Once again, we hear Nakagawa very much establishing an iconic sound for the series as a whole — that combination of acoustic guitar and EWI-powered synth lead line is a distinctive audio profile that we’ll hear several more times in the subsequent games.
Interestingly, this is one of a few tracks in the game that has a very slight remix after a certain point in the narrative, with the synth lead line being replaced by harmonica and flute sounds. It’s subtle, but it’s definitely there if you know to listen for it!
Melodies of a Distant Time
I like this track from a purely personal perspective because it sounds like something from a Nier game. It’s thematically appropriate for when you hear it in the context of Atelier Iris 3: Grand Phantasm, however; it plays in certain areas of the Grimoire Castle dungeon. Specifically, the ones that are filled with mechanical gears and the inner workings of a large clock.
There’s an obvious literal relationship there, what with the explicit “ticking” sounds in the background, but the track title and the overall feel to it gives something of a feeling of melancholy; the feeling that Grimoire Castle has plenty of its own stories to tell from through the ages — and that many of them, at this point, have probably been lost.
Haunted Girl for Grand Phantasm
After her seeming absence from Atelier Iris 2: The Azoth of Destiny (although there was a character that looked suspiciously like her), recurring series ghost girl Pamela returns in Atelier Iris 3: Grand Phantasm. Is it the same Pamela as the one we meet in Atelier Iris: Eternal Mana — and indeed the one we meet in Mana Khemia: Alchemists of Al-Revis?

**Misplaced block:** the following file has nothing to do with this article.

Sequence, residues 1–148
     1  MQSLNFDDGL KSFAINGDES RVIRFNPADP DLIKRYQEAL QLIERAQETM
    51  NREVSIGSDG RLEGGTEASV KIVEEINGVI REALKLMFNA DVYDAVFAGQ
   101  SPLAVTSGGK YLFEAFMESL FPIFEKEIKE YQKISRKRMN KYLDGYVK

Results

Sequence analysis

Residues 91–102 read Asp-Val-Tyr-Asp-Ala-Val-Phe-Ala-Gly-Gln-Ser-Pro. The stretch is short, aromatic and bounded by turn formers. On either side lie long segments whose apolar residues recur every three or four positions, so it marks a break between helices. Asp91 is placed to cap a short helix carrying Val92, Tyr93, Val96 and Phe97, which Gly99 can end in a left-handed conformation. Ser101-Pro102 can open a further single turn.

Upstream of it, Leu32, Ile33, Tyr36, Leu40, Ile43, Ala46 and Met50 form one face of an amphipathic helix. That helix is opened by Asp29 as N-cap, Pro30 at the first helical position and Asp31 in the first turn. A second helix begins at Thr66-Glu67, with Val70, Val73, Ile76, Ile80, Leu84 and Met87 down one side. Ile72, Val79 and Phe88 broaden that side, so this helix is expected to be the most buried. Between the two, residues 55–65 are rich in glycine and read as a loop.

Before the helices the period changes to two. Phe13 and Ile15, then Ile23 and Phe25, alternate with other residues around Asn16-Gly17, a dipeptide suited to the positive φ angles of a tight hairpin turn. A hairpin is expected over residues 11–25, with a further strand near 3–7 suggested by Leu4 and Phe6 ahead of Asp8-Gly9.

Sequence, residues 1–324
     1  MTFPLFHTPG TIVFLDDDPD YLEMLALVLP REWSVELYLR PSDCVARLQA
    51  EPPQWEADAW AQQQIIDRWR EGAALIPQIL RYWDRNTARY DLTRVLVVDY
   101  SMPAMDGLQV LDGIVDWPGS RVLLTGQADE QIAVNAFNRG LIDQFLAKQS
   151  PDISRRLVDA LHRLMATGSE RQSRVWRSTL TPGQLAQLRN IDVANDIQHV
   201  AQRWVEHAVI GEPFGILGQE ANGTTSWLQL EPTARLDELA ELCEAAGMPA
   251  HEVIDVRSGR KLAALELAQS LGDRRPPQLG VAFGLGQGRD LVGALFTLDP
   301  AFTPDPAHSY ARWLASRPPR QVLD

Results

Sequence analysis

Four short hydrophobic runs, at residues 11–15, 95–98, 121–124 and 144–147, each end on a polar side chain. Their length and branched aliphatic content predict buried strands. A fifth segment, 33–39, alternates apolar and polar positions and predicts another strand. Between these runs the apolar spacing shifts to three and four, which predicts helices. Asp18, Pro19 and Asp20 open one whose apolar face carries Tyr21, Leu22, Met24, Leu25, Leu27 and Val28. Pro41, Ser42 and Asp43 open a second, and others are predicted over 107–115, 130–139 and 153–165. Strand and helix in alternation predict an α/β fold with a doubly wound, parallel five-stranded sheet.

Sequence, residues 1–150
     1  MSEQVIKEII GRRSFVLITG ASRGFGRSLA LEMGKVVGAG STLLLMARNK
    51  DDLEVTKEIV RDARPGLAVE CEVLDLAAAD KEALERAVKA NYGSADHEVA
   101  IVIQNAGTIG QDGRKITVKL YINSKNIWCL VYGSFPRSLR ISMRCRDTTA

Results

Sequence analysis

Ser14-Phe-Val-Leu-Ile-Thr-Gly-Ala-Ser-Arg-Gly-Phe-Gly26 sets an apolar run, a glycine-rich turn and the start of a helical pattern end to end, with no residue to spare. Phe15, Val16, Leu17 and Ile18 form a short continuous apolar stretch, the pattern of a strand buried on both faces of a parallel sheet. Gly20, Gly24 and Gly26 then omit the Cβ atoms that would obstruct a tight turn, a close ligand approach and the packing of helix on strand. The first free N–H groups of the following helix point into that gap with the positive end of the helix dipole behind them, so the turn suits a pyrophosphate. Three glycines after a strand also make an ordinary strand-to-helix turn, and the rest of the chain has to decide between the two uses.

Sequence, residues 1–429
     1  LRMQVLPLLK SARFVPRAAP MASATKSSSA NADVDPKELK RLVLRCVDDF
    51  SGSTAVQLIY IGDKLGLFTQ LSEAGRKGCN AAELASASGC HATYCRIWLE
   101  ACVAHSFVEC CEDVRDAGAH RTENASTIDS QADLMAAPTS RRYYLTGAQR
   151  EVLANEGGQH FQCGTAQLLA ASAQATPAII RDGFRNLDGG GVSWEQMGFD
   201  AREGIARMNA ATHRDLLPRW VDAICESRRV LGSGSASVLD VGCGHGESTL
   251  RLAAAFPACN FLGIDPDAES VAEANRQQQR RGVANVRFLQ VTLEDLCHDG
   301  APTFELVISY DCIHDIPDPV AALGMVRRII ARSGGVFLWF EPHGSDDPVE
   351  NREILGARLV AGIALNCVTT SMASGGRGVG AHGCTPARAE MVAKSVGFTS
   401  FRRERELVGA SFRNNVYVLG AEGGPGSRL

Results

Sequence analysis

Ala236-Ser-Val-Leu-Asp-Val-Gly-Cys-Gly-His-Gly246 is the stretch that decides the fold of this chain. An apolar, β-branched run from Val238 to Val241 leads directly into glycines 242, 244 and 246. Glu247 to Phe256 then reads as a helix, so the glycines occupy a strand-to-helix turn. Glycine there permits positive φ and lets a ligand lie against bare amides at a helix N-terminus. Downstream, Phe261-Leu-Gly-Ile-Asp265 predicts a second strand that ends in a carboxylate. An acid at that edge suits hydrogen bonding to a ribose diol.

Who knows at this point. I’m not entirely sure if Gust do. But Pamela does always have a variation on this same theme any time she shows up, so there’s that. This particular version is a rather gentle, calming version that reflects the utterly charming nature of this particular Pamela — and gives you just a hint of understanding as to why grumpy researcher Winna falls for her over the course of his narrative.
Iris and Her Pleasant Company
Most of the Atelier games have some sort of “pleasant things are happening” theme, and these usually relate to the main female protagonist in some way. This theme captures Iris’ character perfectly, showcasing both her gentle, kind nature and her playful side.
This is one of the catchiest themes in the game, and another one that it’s a pleasure to hear, because it usually means you’ve done something right — or at the very least, something nice is happening in the narrative.
Things Thought Alone
This track, typically heard during some of the more emotional scenes towards the end of the narrative, is one of several tracks based around the same basic melodic line. Here, it’s arguably in its purest form, delivered as it is on solo piano.
There are a few recurring themes throughout the narrative like this; personally speaking, this is probably my favourite.
Mystery of the Heart
Here’s a good example of how this theme is used in a different way elsewhere in the game. The basic melodic shape is present, but it doesn’t take long for it to be complemented by electronic dance rhythms and some distinctly Celtic-inspired sounds — something of a reflection of the traditional, rural feel Nakagawa made a point of trying to create with the soundtracks from this point on.
This is also an oddly atmospheric track — the sharp intakes of breath heard in the latter section of the track, accompanied by a heartbeat, give a sense of urgency to what is going on, and create a markedly different feel to Things Thought Alone.
Taisetsu na Kotoba
And let’s close off today with one of several ending themes. Yes, there are multiple endings to Atelier Iris 3: Grand Phantasm — two, to be exact, depending on whether or not you complete a very important quest towards the end of the game.
This particular track is heard if you get the “Good” ending, which concludes with some rather emotional scenes that will give you a marvellous sense of closure to the whole experience. The track title translated to “important words” — and let’s just say that’s an eminently appropriate title, given the implications of the events in that particular finale!
But, of course, I’ll have to leave the details for you to discover — it wouldn’t be any fun otherwise, right?